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Abstract

OBJECTIVE

To understand veterinarian and cat owner perspectives on antimicrobial use in cats, reasons for prescribing cefovecin, and barriers to improving antimicrobial stewardship, including veterinarian and cat owner perspectives of giving oral medication to cats.

SAMPLE

21 New York veterinarians and 600 cat owners across the US.

METHODS

Cat owners were surveyed about their preferences for and experiences in giving oral medications to cats and their experiences with antimicrobials specifically. Veterinarians were interviewed about antimicrobial use decisions in cats, benefits and drawbacks of cefovecin, and their perspectives on antimicrobial resistance.

RESULTS

Many veterinarians reported feeling pressure to prescribe antimicrobials, while 41% of cat owners reported requesting antimicrobials. Although veterinarians are aware of the downsides of prescribing cefovecin, many prescribed cefovecin in situations where an antimicrobial was not needed or cefovecin may not have been the best choice. Veterinarians thought that 20% of cat owners could not give oral medications, but < 10% of cat owners had a cat that was impossible to medicate.

CLINICAL RELEVANCE

The disconnect between veterinarians’ assessment of and cat owners’ reported abilities in administering oral medication may contribute to cefovecin use. Demonstrating for cat owners how to give oral medication may help improve compliance and reduce the use of parenteral long-acting formulations. Structural and educational interventions are needed to address other contributors to inappropriate antimicrobial use. This research provides the specific considerations about barriers and motivations for cat owners and veterinarians that are required to guide strategic, tailored interventions for both audiences to advance stewardship.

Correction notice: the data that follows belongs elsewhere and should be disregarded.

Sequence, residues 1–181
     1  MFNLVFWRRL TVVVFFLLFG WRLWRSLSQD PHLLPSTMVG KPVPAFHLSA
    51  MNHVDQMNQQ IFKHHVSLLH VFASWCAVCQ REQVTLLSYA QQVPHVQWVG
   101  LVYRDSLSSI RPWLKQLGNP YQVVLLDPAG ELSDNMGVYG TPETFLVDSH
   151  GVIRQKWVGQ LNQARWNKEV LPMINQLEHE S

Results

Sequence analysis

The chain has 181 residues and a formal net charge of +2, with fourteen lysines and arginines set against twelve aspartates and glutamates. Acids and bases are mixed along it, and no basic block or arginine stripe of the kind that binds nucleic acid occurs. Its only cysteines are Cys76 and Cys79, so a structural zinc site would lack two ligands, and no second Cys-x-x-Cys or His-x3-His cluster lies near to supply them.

Open access
in Journal of the American Veterinary Medical Association

Abstract

Antimicrobial stewardship encompasses all the individual and collective actions that medical professionals take to preserve the efficacy of antimicrobials. It is a one-health problem, affecting animals and humans. The current state of antimicrobial use in cats, particularly (1) the overuse and improper use of cefovecin, which belongs to the third-generation cephalosporin class that is critically important to human health, and (2) use of antimicrobials when they are not needed, poses unsustainable risks of antimicrobial resistance. This paper describes the principles of antimicrobial stewardship and stewardship challenges faced by feline veterinarians, including (1) poor adherence to or awareness of antimicrobial use guidelines, (2) lack of access to affordable diagnostic tests and antibiograms, (3) lack of access to materials and tools for clients that may facilitate more sustainable antimicrobial use and help cat owners understand resistance risks, (4) underestimating the ability of cat owners to administer oral antimicrobials, and (5) limited time and resources to support stewardship efforts. Based on research described in this paper; an original research article by Cazer et al, JAVMA, December 2023; and a Currents in One Health article by Cobo-Angel et al, AJVR, December 2023, several solutions are proposed to advance antimicrobial stewardship in feline medicine. Many of these proposals were expressly requested by veterinarians interviewed in Cazer et al, JAVMA, December 2023. Education and training of veterinarians and cat owners is an essential step toward sustainable antimicrobial use, but it must be complemented with innovations in diagnostic testing, antimicrobial drug development, structural changes, and technological supports.

Open access
in Journal of the American Veterinary Medical Association